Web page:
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 Header Item National Lottery Regulator (Continued)
 Header Item Public Sector Pensions Legislation
 Header Item Flood Relief Schemes Funding

Tuesday, 5 March 2019

Dáil Éireann Debate
Vol. 980 No. 4

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  5 o’clock

(Speaker Continuing)

[Deputy Joan Burton: Information on Joan Burton Zoom on Joan Burton] We have heard about the gambling regulator and gambling regulation legislation over a very long time. Despite all the talk, nothing has happened. The Minister may wish to see it introduced. However, the threat to the national lottery exists in the here and now. We will welcome whatever the Minister of State, Deputy Stanton, is going to do in due course. However, this particular problem needs to be addressed in the here and now. It would be foolish to think we can leave it to one side until we bring in the gambling regulator's office. Maybe that will happen but maybe it will not. It has been very slow to materialise. I would appreciate any advice from it but I do not know when it is going to come.

Deputy Paschal Donohoe: Information on Paschal Donohoe Zoom on Paschal Donohoe The Minister of State, Deputy Stanton, will be providing us with the report of the interdepartmental working group on gambling very soon. It appears to me that the only way in which we can deal with this issue is to look at how we can review and maybe change the 2013 general scheme of the gambling control Bill. The facts and figures indicate that the current contribution made by the national lottery to good causes has not yet been materially affected by other developments within the lotteries here in terms of online or electronic lotteries. The contribution that the Exchequer has received from the national lottery attests to that. I acknowledge that although currently the competition is small, it can grow quickly. Were it to grow quickly, it could in turn affect the contribution the national lottery can make to good causes. We have to look at all this from a regulatory perspective. The best and most effective way this can be done is through the review that is being undertaken of the 2013 scheme.

An Leas-Cheann Comhairle: Information on Pat the Cope Gallagher Zoom on Pat the Cope Gallagher We have received apologies from Deputy Gino Kenny, who cannot be here to take Question No. 45.

  Question No. 45 replied to with Written Answers.

Public Sector Pensions Legislation

An Leas-Cheann Comhairle: Information on Pat the Cope Gallagher Zoom on Pat the Cope Gallagher Deputy Michael McGrath will be taking the question on behalf of Deputy Cowen.

 46. Deputy Barry Cowen Information on Barry Cowen Zoom on Barry Cowen asked the Minister for Public Expenditure and Reform Information on Paschal Donohoe Zoom on Paschal Donohoe if the report under section 3 of the Public Service Superannuation (Age of Retirement) Act 2018 will be published in March 2019; if the report will deal with potential proposals to remedy the position for those who were forced to take the interim measure due to reaching 65 years of age; the associated costs for each remedy; and if he will make a statement on the matter. [10565/19]

Deputy Michael McGrath: Information on Michael McGrath Zoom on Michael McGrath This question concerns the Public Service Superannuation (Age of Retirement) Act 2018, specifically the interim measure that was agreed for those public servants who reached the age of 65 before the Act came into being. They had to retire as per their contract of employment. A commitment was given, on a request from Deputy Cowen, that within three months there would be a report to see what could be done for those people. I am looking for confirmation from the Minister that the report is being completed and will be published on time.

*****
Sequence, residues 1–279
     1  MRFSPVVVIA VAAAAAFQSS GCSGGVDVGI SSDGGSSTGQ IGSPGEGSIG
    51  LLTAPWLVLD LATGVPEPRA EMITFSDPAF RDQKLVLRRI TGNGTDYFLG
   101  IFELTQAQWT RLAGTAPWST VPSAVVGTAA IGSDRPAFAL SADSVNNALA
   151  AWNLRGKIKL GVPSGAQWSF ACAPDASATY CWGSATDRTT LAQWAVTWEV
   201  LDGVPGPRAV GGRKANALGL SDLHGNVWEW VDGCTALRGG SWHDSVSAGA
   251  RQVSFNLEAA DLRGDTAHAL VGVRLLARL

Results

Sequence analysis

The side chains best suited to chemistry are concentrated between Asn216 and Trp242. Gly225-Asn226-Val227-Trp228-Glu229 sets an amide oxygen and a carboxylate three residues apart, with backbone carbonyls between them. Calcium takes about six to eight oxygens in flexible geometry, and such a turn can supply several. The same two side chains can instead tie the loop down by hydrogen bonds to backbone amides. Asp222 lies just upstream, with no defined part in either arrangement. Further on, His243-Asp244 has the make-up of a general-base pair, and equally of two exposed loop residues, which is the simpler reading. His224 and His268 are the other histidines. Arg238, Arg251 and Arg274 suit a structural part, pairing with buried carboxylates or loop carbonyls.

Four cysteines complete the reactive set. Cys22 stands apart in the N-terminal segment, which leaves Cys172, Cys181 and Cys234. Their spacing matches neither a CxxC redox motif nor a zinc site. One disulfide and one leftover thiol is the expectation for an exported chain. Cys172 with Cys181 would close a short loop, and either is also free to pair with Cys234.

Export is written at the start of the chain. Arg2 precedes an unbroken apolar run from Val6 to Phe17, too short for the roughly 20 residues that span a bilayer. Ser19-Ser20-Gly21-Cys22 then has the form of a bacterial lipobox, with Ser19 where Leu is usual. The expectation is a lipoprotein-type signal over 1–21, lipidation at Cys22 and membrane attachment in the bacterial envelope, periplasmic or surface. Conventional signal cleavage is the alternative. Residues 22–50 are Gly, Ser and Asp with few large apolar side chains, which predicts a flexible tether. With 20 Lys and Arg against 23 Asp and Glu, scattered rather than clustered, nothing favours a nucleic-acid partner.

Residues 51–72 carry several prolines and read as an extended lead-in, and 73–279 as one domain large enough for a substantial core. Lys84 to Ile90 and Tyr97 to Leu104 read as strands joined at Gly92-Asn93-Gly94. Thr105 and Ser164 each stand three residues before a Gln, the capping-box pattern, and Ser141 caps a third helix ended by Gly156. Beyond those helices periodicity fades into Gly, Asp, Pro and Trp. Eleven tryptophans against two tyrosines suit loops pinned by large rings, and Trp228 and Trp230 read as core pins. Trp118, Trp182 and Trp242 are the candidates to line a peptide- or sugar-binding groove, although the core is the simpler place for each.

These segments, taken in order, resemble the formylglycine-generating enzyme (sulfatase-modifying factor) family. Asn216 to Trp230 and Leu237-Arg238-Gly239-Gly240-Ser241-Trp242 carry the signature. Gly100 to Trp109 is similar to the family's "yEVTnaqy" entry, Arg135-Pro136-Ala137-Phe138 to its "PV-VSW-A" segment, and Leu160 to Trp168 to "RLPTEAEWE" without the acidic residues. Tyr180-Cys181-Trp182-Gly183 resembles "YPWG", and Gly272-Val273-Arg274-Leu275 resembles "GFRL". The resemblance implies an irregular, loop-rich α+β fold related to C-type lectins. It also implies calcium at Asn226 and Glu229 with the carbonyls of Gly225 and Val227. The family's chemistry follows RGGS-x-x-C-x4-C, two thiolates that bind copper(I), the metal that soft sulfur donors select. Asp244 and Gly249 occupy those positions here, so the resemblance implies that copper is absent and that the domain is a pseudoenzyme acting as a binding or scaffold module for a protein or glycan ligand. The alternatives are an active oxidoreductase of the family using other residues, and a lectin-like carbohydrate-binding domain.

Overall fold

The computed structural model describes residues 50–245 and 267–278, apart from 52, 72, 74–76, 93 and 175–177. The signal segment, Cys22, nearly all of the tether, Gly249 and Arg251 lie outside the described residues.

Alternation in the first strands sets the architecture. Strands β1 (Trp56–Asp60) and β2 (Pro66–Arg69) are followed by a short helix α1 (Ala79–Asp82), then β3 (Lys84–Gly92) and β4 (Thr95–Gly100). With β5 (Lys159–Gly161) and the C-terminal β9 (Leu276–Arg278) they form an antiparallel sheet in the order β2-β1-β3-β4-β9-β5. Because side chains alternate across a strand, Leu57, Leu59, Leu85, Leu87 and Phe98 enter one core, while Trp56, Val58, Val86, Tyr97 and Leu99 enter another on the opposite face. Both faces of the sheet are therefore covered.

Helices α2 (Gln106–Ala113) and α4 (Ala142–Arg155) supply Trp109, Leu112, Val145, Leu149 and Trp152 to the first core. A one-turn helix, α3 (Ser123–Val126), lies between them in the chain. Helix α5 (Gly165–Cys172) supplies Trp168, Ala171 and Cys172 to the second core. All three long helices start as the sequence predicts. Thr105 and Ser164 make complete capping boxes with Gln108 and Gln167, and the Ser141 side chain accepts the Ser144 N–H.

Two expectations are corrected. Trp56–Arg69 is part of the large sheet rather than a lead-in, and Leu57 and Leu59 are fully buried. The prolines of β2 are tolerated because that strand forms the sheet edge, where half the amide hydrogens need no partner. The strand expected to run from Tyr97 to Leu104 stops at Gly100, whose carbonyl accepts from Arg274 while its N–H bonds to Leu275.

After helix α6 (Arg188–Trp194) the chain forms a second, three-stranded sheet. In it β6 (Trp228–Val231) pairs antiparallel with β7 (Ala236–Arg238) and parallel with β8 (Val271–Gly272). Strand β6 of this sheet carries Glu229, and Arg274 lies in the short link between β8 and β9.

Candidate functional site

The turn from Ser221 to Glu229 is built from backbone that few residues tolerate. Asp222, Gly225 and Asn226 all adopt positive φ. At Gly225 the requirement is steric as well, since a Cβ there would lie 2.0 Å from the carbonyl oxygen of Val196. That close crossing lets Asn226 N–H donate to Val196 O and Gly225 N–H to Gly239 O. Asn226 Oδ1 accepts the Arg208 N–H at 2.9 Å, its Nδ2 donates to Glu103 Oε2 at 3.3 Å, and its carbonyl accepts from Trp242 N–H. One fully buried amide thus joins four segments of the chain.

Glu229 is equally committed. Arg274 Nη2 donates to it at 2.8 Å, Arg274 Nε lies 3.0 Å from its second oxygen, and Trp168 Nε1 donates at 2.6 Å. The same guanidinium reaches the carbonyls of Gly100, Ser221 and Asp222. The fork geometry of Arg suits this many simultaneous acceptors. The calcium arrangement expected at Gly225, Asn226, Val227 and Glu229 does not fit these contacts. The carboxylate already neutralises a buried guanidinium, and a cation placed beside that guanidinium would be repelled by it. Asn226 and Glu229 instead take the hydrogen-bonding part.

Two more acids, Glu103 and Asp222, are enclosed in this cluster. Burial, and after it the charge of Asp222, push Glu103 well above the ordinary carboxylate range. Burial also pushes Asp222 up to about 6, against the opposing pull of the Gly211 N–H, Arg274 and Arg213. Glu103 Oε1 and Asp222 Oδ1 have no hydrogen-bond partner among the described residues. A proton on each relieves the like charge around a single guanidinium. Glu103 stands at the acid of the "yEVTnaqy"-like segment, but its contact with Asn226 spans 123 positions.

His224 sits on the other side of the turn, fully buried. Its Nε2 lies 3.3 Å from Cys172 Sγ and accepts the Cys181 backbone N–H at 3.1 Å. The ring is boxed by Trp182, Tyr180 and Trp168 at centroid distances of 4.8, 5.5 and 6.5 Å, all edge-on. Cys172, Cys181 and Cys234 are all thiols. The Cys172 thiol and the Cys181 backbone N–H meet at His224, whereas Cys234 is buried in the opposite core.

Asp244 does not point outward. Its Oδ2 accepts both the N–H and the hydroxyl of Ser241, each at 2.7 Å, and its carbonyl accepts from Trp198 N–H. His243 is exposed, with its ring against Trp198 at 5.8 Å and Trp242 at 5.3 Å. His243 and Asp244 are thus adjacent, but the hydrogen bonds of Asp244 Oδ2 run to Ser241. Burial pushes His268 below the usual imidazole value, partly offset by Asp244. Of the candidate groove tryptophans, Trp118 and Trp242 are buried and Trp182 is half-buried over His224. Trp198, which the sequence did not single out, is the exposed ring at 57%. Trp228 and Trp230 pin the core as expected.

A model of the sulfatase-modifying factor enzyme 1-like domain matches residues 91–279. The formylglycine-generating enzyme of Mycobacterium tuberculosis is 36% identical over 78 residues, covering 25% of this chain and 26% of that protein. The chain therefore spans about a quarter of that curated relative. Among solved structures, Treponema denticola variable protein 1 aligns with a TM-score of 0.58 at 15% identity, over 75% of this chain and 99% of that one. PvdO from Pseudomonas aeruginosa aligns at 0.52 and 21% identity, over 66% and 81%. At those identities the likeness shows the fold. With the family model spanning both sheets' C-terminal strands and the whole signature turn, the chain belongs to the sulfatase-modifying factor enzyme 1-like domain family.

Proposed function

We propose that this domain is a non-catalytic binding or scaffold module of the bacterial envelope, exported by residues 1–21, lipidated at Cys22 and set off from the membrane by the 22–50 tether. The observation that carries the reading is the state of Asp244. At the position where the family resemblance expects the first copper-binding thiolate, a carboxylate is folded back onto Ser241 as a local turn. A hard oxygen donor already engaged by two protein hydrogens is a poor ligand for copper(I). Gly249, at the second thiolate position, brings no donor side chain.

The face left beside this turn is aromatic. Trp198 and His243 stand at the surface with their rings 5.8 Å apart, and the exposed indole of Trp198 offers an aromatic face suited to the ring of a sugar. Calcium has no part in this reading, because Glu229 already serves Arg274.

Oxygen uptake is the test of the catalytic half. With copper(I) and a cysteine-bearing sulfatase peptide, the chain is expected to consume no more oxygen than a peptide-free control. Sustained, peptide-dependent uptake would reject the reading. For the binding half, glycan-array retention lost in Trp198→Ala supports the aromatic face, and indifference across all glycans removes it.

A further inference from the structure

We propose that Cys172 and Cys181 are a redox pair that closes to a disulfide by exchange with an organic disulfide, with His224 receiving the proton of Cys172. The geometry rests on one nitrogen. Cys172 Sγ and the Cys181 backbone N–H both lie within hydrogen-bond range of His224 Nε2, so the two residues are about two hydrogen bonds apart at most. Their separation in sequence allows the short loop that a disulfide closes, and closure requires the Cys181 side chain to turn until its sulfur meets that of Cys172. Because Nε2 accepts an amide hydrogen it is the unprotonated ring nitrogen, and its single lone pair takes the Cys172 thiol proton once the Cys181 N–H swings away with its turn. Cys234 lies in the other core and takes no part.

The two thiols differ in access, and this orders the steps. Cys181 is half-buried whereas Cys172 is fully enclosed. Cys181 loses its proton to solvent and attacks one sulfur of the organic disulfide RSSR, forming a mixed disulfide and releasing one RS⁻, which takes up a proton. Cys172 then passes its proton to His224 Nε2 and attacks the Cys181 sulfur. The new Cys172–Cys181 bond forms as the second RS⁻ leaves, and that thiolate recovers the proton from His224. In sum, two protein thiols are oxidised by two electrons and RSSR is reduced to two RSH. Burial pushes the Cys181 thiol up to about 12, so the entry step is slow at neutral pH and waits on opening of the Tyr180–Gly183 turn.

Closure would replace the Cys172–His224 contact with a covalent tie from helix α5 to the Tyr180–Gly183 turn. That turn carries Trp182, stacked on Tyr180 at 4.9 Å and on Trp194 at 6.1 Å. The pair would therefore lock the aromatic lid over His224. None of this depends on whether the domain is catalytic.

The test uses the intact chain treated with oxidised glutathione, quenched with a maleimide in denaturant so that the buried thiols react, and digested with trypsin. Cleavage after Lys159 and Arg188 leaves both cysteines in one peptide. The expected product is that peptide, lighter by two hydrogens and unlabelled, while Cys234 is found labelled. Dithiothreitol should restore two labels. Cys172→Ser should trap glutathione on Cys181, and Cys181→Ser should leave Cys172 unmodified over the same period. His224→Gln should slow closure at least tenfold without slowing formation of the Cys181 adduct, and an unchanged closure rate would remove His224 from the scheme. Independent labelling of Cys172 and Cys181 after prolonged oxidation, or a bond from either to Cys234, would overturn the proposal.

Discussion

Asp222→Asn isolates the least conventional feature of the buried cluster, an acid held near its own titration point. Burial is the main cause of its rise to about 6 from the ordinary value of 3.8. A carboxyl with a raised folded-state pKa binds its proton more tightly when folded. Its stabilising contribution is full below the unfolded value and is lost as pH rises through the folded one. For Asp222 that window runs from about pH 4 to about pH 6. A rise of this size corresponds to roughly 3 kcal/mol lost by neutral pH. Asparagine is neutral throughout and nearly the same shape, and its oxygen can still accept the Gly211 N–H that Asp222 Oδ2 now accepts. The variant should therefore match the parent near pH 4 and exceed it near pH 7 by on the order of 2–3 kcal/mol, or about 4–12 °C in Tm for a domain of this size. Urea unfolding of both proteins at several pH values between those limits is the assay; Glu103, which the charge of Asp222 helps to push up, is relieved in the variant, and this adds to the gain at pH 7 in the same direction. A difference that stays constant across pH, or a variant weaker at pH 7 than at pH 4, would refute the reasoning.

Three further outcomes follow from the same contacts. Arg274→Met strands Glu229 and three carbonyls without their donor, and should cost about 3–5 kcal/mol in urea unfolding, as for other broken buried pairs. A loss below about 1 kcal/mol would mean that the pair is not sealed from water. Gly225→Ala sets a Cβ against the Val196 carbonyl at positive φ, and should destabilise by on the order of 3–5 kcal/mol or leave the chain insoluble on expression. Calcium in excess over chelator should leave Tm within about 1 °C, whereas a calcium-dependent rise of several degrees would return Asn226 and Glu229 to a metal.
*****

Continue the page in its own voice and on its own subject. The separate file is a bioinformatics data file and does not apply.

Deputy Patrick O'Donovan: Information on Patrick O'Donovan Zoom on Patrick O'Donovan I acknowledge the support of Deputy Cowen in the passage of the Bill. The Public Service Superannuation (Age of Retirement) Act 2018 provides for an increase to age 70 in the compulsory retirement age of most public servants recruited before 1 April 2004.

As Deputy Michael McGrath will be aware, public servants who reached the compulsory retirement age of 65 before the new legislation was enacted were required to retire in accordance with the statutory compulsory retirement age in effect at the time. Those who availed of the interim arrangements did so in the knowledge that the contract was for one year only, until they reached the age of 66. The Public Service Superannuation (Age of Retirement) Act 2018 has no effect on those public servants who availed of the interim arrangements. The terms of their fixed-term contracts continue to apply and they will cease working at age 66 as previously provided for.

Section 3A(6) of the Act provides that the Minister for Public Expenditure and Reform shall, within three months of the passing of the Act, prepare and lay before the Oireachtas a report on the public servants obliged to retire between 6 December 2017 and the commencement of the Act, due to reaching the age of 65 years, and on potential remedies to assist this cohort of worker.

Work on the report is under way in accordance with the terms of section 3A(6). Under that provision, publication of the report is required within three months of the passing of the Act on 26 December and the Minister intends to comply with that timeline.

It would not be appropriate for me to comment on the content of a report which is under preparation and not completed, and which I am statutorily obliged to lay before the Oireachtas.